Federal judge tells TorrentSpy to log users against their own privacy policy

mpaa_logo.gif A federal judge in California has told TorrentSpy that they have to log their users even though it is stated very clearly in their privacy policy that they will not. TorrentSpy is being sued by the MPAA for allowing copyright infringing materials roam free and they’re basically looking to pull a RIAA probably since they want logs of users that TorrentSpy doesn’t have.
Mockery of the law? I personally think so. Especially in the United States, if you force websites to go against a clearly stated privacy policy (that was probably written by an attorney) then it’s clearly saying that we don’t care about the privacy of users on the Internet. What privacy there is at least.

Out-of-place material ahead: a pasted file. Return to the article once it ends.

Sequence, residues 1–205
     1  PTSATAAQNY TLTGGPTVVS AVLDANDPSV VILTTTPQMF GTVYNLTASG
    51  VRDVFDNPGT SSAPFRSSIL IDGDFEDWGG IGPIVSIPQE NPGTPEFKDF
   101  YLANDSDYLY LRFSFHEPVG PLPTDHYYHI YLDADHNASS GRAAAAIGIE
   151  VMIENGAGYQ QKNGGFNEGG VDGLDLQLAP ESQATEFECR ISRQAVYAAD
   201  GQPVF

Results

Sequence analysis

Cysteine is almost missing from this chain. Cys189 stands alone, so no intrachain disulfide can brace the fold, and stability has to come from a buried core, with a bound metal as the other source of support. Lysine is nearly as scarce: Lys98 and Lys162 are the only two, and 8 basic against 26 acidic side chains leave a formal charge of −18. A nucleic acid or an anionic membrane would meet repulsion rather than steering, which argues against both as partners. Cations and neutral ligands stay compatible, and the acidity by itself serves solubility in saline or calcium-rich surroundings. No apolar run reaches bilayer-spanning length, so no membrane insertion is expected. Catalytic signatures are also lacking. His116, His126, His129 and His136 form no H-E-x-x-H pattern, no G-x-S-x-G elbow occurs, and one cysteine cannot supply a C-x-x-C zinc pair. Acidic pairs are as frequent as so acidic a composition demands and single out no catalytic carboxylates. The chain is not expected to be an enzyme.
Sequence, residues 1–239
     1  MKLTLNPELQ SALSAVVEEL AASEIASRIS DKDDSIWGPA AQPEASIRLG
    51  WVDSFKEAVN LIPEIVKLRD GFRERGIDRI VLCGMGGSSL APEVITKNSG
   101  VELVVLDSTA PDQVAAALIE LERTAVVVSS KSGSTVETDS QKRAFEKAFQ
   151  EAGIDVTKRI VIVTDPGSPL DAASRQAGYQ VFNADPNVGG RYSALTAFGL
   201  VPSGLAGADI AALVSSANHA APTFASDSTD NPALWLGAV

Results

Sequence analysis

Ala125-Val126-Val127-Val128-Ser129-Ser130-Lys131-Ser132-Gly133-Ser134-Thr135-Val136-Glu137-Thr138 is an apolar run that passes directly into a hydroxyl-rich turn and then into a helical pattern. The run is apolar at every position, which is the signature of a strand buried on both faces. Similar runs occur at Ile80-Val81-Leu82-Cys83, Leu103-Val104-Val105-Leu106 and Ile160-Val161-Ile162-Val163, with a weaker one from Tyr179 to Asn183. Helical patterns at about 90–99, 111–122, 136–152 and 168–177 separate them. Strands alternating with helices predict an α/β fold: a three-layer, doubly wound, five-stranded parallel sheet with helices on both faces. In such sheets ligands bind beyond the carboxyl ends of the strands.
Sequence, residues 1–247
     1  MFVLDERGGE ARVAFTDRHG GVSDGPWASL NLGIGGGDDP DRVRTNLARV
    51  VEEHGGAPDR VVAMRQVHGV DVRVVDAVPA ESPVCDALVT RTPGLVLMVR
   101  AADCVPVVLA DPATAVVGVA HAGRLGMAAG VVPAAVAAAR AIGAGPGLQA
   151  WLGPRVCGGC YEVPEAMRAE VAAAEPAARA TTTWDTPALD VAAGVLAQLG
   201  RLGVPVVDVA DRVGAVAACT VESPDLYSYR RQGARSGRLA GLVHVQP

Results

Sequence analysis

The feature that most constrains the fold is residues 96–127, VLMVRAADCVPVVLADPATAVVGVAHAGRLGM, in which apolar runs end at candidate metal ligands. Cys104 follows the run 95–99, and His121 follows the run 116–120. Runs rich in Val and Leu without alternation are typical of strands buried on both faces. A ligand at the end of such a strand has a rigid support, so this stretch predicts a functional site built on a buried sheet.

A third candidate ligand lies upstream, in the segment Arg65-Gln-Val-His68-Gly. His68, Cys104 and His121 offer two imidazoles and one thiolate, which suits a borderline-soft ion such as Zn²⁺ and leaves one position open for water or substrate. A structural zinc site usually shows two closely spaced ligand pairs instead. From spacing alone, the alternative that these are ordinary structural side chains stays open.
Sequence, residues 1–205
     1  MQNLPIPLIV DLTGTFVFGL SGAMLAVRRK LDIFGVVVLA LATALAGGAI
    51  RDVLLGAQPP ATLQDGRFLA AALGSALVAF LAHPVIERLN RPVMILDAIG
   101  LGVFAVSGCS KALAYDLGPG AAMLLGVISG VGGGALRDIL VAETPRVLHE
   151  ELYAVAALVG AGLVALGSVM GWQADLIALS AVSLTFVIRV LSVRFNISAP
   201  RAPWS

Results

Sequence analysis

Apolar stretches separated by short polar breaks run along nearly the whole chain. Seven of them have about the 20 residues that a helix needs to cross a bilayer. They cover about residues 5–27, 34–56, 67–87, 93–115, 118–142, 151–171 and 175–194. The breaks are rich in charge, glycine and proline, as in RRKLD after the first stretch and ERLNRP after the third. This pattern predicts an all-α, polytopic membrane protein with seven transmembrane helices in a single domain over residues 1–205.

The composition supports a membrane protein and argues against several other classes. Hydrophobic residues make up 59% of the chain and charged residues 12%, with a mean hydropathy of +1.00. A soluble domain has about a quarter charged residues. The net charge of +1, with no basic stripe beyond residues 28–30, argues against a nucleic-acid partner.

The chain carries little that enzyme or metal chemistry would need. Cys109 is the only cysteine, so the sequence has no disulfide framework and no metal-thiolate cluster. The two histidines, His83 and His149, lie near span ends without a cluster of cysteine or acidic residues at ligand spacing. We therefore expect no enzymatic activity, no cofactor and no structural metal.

On the flip side, copyright violations are illegal. And those users that commit them should be chased after. But not by the MPAA, but by law enforcement. It is the law that is being broken, and MPAA is NOT the enforcer of the law.
Even worse, if we look at the complete picture The MPAA is obviously not what you call ethical in the first place which makes you wonder what shenanigans is being played here through the legal system. The MPAA in the past has paid off a hacker to break into TorrentSpy’s systems and steal email and other information.
Almost sounds like the mafia doesn’t it.
The point here is that the judge obviously doesn’t use the Internet as much as the society upon the Internet, and thus does not know that there are corporations created in essence to protect users. If we go all ‘1984’, then we might as well waive away our freedoms as citizens and be prisoners of SIGs and government. If someone breaks the law, then go after those that do it. There are other means via technology than to force websites to log users. Any security specialist can tell you there are many ways to do it. Logging is only the easiest path and it seems to me that no one bothered to tell the judge.
Via TorrentFreak